When it comes to linear motion rails, a high hardness value is critical. Unfortunately, some rail manufacturing processes don’t impart sufficient hardness to the rails. If hardness doesn’t extend to a sufficient depth, the component won’t be able to withstand heavy loads, resulting in time-consuming and costly downtime.
To gain maximum life for your linear guide, you’ll want to consider the hardening process, the material being hardened and how to finish the rail to optimize its performance. That way, quality manufacturers can make the best linear rail for your industrial application.
Consider induction hardening. To harden their rails, a manufacturer can use nitriding, a heat treating process that creates a case-hardened surface with thicknesses between 0.2 and 0.3 mm. When you consider the kinds of heavy loads that are applied to industrial raceways, rails that have thin nitrided surfaces will tend to crack under load.
Induction hardening, on the other hand, creates a zone around the raceway with depths up to 5 mm. Compared to gas furnace heating and other conventional heat treatments, the process offers several advantages, including fast heating rates, low energy consumption and cost savings. Rails will also operate under heavy loads with no damage to the raceways over the course of their lifetime.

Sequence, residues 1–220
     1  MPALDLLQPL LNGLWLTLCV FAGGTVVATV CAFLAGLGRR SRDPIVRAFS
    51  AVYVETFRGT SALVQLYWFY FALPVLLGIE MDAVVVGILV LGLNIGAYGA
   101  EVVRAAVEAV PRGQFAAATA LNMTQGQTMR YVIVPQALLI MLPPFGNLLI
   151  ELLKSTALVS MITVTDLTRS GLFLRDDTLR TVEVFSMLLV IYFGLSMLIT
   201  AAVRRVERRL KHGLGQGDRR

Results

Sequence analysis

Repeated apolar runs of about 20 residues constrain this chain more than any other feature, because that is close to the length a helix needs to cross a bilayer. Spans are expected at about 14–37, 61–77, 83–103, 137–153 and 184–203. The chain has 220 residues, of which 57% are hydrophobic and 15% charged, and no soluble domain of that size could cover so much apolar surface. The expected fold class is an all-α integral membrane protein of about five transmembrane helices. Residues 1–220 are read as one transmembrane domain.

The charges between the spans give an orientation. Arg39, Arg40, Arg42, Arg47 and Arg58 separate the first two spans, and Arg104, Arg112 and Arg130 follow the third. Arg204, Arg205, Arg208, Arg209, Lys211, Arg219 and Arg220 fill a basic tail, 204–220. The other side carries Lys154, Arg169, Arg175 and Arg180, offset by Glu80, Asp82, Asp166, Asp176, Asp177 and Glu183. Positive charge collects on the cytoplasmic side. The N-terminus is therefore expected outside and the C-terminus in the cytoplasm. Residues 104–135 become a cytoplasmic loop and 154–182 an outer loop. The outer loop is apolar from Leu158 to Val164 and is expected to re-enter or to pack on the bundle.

Use high-quality steel. To achieve hardness levels that can stand up to the daily grind of industrial applications, high-quality linear motion rails need to be made from precise composition steel with a high carbon content. Induction hardening works by bringing out the natural properties of the metal, including its yield strength, malleability and toughness––which in turn increases the bearing’s strength and durability under variable loading conditions.
Once a raceway undergoes induction hardening, its surface can be further machined to improve its anti-friction capabilities. Grinding also makes hardened raceways more precise. If two raceways aren’t parallel, then their running quality is affected.
By contrast, grinding cannot be performed on raceways that undergo nitriding and other similar processes. Because the resulting case-hardened surface is so thin, grinding would remove the hard coating entirely.